JG: With data warehousing, you really want to store your data so it can be very rapidly read and understood. The purpose of a data warehouse is to make sure the data is available to all the people in the organization that have been authorized to get at it and work with it. What often happens, unfortunately, is people use databases, like Oracle, IBM DB2, Teradata, that are designed to do a lot of very small transactions very rapidly. They’re really not designed for reading the entire data into memory for computational purposes. With SAS, we find with most applications we can store 10 times more data in the same amount of disk space as, say, Oracle can. In fact, we can process it and read it much faster for the type of applications we provide. There’s a lot of confusion, I believe, in IT that people think everything has to be put into a database. This is just not correct. The amount of wasted space that you have for indexes and rapid query capability is just in the way.

ITB: A lot of people use those types of databases. Do you foresee any resistance in trying to get them to switch over to SAS architecture?

JG: We’ve had some customers ask about why their database costs keep going up as they need more processors to handle more and more data. They’re having to pay more and more money for relational databases that they don’t really need when it comes to storing data for data warehouse purposes. You don’t need back-up and recovery. A data warehouse is created fresh on a daily or weekly basis. The data is coming out of operational systems.

There are some IT people that understand this and some that say, “I’m sorry, but we’ve standardized everything on DB2.” There are some IT shops that are just absolutely dogmatic when it comes to storage. Unfortunately, they don’t realize how much they’re really they’re costing their company.

ITB: If it’s about dogma, then isn’t that a mindset that’s going to be tough to break with some customers?

JG: There’s some banks that we deal with that are very dogmatic about it. And banks are concerned about security. They don’t want to have any extra copies of anything made, even though they tend to leave things like tapes in bus stations and other things like that.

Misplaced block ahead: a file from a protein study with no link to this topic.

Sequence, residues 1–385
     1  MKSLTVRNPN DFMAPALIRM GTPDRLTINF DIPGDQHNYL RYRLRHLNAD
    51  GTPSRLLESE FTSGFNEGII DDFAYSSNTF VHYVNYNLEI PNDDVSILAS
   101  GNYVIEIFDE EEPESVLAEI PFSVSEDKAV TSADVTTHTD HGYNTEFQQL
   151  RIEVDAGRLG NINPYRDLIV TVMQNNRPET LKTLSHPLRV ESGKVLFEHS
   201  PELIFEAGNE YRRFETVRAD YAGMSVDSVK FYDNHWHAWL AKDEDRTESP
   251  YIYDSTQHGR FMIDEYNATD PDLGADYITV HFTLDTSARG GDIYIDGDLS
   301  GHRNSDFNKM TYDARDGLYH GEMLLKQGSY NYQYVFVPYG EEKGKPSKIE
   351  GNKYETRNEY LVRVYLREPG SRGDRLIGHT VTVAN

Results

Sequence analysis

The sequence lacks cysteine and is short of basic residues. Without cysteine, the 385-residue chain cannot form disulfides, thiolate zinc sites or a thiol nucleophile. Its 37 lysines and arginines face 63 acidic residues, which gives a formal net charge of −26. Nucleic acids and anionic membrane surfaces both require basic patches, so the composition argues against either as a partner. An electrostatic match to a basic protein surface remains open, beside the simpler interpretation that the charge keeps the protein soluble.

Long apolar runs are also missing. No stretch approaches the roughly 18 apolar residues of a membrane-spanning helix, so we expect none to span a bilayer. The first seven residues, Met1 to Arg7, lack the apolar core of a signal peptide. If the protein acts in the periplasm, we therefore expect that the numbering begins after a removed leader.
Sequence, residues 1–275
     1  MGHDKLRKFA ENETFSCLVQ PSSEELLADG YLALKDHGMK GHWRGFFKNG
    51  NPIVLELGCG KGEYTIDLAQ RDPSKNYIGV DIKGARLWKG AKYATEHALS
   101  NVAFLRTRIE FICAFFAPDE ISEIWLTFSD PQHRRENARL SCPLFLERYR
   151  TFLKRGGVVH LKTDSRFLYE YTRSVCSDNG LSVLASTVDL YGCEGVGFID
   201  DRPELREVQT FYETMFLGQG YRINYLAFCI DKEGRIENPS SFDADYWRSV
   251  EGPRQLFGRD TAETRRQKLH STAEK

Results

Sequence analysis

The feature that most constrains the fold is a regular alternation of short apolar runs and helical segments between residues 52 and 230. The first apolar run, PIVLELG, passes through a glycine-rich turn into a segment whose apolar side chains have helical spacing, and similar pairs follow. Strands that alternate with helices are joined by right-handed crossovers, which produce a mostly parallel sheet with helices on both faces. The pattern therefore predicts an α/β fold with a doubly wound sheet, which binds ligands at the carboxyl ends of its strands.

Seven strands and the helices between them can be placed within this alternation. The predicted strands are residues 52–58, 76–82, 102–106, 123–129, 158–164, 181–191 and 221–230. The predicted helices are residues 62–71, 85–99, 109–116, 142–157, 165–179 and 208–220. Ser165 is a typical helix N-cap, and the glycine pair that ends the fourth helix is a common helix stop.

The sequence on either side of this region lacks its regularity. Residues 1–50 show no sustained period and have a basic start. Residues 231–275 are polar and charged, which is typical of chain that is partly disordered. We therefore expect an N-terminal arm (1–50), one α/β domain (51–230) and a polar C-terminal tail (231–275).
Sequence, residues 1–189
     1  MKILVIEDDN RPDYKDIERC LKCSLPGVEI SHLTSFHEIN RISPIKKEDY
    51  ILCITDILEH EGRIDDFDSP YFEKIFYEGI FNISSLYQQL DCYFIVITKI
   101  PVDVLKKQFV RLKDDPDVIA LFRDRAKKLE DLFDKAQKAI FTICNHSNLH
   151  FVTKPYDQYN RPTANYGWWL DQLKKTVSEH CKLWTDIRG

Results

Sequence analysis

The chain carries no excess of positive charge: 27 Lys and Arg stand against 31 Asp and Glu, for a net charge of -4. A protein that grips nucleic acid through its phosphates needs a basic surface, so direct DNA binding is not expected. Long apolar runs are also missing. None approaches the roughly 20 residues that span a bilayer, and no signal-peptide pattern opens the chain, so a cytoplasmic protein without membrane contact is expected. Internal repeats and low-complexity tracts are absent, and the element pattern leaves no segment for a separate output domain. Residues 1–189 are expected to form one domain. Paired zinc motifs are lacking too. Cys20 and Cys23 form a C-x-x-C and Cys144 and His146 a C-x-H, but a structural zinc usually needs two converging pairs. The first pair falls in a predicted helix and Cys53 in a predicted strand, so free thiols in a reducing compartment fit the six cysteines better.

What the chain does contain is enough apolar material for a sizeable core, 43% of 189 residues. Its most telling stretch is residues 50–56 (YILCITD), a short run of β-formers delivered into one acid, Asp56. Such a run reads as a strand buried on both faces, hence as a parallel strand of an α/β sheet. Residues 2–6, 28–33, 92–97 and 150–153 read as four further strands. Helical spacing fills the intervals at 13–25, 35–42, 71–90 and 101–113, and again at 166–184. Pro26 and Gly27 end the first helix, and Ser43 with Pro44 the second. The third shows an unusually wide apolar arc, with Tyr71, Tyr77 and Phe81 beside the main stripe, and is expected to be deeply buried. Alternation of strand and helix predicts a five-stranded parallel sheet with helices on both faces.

ITB: A few years ago, the business intelligence market went thorough a period of heavy corporate consolidation. Is it safe to say that era is over?

JG: I don’t know if Oracle can borrow any more money. They’ve got to go through an integration process. They still buy a few small companies every once in a while. I think SAP picks up small companies. It’s hard to say. These things come in spurts. Oracle were never big purchasers of other companies and all of a sudden they decided that’s what they wanted to do to grow the company.

There are three main players in (pure) business intelligence now: SAS, Business Objects and Cognos.

ITB: With all the operating system announcements recently – Microsoft and Linux; Microsoft and Apple – does that change your perspective on software development?

JG: We’ve had a lot of discussions with (Sun Microsystems CEO) Scott McNealy, for example, on porting our software to run on Solaris under Operton. Those discussions are ongoing. That’s the only platform right now we’re looking to send SAS to. IBM wants us to port to Linux on the mainframe and we say, “Well, how much are you going to pay us?” It costs a lot of money to port software to a different machine. It’s not so much the porting. We can handle that fairly easily. It’s the testing. All this stuff has to be tested in a new environment. We don’t ship our software before we test it.